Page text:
During World War I, a severe food crisis emerged in Europe as agricultural workers were recruited into military service and farms were transformed into battlefields. As a result, the burden of feeding millions of starving people fell to the United States. In March of 1917¬—just weeks before the United States entered the war—Charles Lathrop Pack organized the National War Garden Commission to encourage Americans to contribute to the war effort by planting, fertilizing, harvesting and storing their own fruits and vegetables so that more food could be exported to our allies. Citizens were urged to utilize all idle land that was not already engaged in agricultural production—including school and company grounds, parks, backyards or any available vacant lots.
Promoted through propaganda posters advocating that civilians “Sow the seeds of victory” by planting their own vegetables, the war garden movement (as it was originally known) was spread by word of mouth through numerous women’s clubs, civic associations and chambers of commerce, which actively encouraged participation in the campaign. Amateur gardeners were provided with instruction pamphlets on how, when and where to sow, and were offered suggestions as to the best crops to plant, along with tips on preventing disease and insect infestations. The endeavor was so well received that the government turned its attention to distributing canning and drying manuals to help people preserve their surplus crops. In addition to the appeal to men and women, the federal Bureau of Education initiated a U.S. School Garden Army (USSGA) to mobilize children to enlist as “soldiers of the soil.” As a result of these combined efforts, 3 million new garden plots were planted in 1917 and more than 5.2 million were cultivated in 1918, which generated an estimated 1.45 million quarts of canned fruits and vegetables. By the end of World War I, the campaign promoting home gardens—which by then were referred to as “victory gardens”—had dropped off, but many people continued to maintain them.
Shortly after the United States was drawn into the Second World War, victory gardens began to reemerge. Once again, commercial crops were diverted to the military overseas while transportation was redirected towards moving troops and munitions instead of food. With the introduction of food rationing in the United States in the spring of 1942, Americans had an even greater incentive to grow their own fruits and vegetables in whichever locations they could find: small flower boxes, apartment rooftops, backyards or deserted lots of any size. Amid protests from the Department of Agriculture, Eleanor Roosevelt even planted a victory garden on the White House lawn.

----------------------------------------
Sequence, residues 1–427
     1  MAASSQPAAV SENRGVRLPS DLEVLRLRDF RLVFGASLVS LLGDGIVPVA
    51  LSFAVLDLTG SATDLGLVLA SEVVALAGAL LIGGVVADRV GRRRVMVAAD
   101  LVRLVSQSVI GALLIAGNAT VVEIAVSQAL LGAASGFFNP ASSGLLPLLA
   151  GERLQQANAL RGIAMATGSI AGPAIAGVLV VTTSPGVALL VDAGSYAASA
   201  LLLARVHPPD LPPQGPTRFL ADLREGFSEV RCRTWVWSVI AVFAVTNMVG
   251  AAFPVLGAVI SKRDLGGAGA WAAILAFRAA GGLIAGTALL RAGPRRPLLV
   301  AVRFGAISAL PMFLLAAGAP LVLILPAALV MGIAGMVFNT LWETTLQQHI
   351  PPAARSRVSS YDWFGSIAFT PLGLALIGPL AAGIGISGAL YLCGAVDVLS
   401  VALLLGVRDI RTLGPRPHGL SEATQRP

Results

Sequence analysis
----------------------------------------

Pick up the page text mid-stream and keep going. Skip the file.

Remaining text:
Some of the most popular produce grown included beans, beets, cabbage, carrots, kale, kohlrabi, lettuce, peas, tomatoes, turnips, squash and Swiss chard. Through the distribution of several million government-sponsored pamphlets, fledgling farmers were advised to maximize their garden’s productivity by practicing succession planting, and were encouraged to record the germination rates of seeds, along with any diseases or insects they may have encountered, in order to minimize waste and improve their garden’s output the following year.
Throughout both world wars, the Victory Garden campaign served as a successful means of boosting morale, expressing patriotism, safeguarding against food shortages on the home front, and easing the burden on the commercial farmers working arduously to feed troops and civilians overseas. In 1942, roughly 15 million families planted victory gardens; by 1944, an estimated 20 million victory gardens produced roughly 8 million tons of food—which was the equivalent of more than 40 percent of all the fresh fruits and vegetables consumed in the United States. Although the government’s promotion of victory gardens ended with the war, a renaissance movement has sprouted up in recent years in support of self-sufficiency and eating seasonally to improve health through local, organic farming and sustainable agriculture.